Disclaimer: I am a consultant/leader for the Creative Capital Professional Development Program “Internet for Artists” workshop.
When trying to build awareness on a public project, there is nothing better than the internet. The internet gets you access to a much larger audience, and it can give your a project a life far beyond its actual lifespan. The internet provides a great repository for sharing the story of your project. There are a few ways that you can really make the internet work for you.
- Build a project site. If the project is big enough and you expect to get some press on it, a project site can be helpful* to building project recognition: the press can refer directly to project/site name and people searching for the project name will find the site easily.
- Get all your press info (hi-res photos, press release info) online, that way you can respond to requests easily and quickly.
- Build your audience.
- Share your resources, experience, knowledge, etc.
1 and 2 seem pretty obvious, its 3 & 4 that are more complex.
There are many ways to build your audience online. Although I think it is helpful to remember two things: 1. It takes time to build that audience, and 2. It takes energy to build the audience (what you put in is what you get out). There are of course many resources to do so.
I start with putting up a project site, that just gets the information out there in a cohesive way and it gives me something to point people to. (And strangely enough, with the way the web works, other people will find your site, and if the project is compelling, they will write about it). It is also a great way to keep track of your resources and to solicit feedback on the project.
Then you want to start looking at what other methods you might want to use to promote the project (or solicit resources & feedback depending on what you are seeking). You can use a broad audience social network like MySpace or FaceBook – if you have a lot of friends they can help disseminate information about the project (post blogs about the project to your profile, consider doing a project page, mention the project site in your updates, etc.)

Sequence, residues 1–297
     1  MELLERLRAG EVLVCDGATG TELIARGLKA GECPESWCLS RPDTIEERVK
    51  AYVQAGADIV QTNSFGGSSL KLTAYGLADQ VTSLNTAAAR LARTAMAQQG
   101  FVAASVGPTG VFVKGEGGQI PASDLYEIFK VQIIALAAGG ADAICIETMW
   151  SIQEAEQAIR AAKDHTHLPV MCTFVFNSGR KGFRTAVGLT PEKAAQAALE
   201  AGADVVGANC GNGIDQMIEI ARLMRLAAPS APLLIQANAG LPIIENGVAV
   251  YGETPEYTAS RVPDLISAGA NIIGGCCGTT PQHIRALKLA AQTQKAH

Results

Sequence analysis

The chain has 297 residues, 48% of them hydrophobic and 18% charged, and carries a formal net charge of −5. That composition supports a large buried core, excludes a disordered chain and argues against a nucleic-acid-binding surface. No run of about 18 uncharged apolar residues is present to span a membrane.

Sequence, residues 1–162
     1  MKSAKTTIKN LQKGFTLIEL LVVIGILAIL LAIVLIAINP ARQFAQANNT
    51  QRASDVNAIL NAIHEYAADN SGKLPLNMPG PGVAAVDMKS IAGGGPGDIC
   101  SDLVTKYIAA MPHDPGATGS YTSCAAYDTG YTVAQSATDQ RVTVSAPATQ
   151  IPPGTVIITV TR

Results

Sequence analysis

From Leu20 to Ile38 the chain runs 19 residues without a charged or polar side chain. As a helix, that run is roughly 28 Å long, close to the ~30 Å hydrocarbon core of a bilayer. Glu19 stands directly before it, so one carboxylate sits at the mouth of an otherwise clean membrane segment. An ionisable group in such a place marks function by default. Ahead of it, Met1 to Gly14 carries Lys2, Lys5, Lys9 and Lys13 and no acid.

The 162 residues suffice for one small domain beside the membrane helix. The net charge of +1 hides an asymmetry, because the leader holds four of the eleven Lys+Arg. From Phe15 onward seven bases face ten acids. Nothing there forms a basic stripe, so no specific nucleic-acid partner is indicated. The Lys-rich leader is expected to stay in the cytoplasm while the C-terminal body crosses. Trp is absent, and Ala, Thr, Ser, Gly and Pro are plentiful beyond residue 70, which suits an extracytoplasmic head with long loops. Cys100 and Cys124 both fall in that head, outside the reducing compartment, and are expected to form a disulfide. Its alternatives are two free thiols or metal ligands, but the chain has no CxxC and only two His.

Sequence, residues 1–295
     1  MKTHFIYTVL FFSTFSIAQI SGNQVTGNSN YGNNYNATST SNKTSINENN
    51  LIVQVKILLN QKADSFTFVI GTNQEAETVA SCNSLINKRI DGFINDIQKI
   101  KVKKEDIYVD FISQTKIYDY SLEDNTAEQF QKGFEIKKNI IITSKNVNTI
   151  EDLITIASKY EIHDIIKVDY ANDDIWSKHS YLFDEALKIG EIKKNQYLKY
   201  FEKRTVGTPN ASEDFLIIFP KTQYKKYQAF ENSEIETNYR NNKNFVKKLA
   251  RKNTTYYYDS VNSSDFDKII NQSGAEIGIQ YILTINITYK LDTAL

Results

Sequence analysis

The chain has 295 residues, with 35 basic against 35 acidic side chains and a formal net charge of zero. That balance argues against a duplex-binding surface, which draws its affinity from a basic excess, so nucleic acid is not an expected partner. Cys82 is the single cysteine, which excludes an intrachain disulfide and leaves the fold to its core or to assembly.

You may find that your time is better spent seeking a more specific audience, in which case seeking out niche or private social networks might be more suitable. These might exist as a private network (on ning or collectiveX) or as a yahoo group or email list. Do a search on the private networks and then do a more general google search for your keyword + group. There are groups out there for everything – fibers, sustainable design, animal rights, light sculptures… If you chose to join these groups you may be rewarded with lots of feedback and resources, but remember to pay it forward – participate in the community and share your knowledge and resources.
L’espace internet du musée de la Communication (Berlin), originally uploaded by dalbera.
This makes for a nice segue to talk about #4 – the idea of sharing your resources, experience & knowledge. You will undoubtedly learn a lot about the process of creating the work that is your project. In doing so you may now have experience which may benefit others. Make a point of sharing what you learn, whether in one of the groups or on a blog or another site like instructables.com. All of these efforts will continue to attract people to your work.
I would also encourage you to consider sharing whatever you can from your project — post photos on flickr, videos on youtube — and do so under a Creative Commons license. (I personally license all of my images and projects under a Creative Commons Attribution Non-Commercial Share-Alike – meaning someone else can use the images or even recreate the project as long as they license the work under the same license and attribute me in all materials). Putting your work out there like that enriches the commons (the things that we all have access to). Just remember that what you are putting out is not your actual work, but representations or documentation of your work. So share and share alike!
All of this work is meant to help *broadcast* about your project, because as we talked about before, you should be telling everyone.
*you can always do a redirect, i.e. www.myprojectsite.com could redirect to www.myportfoliosite.com/myprojectsite if that helps you with managing online identities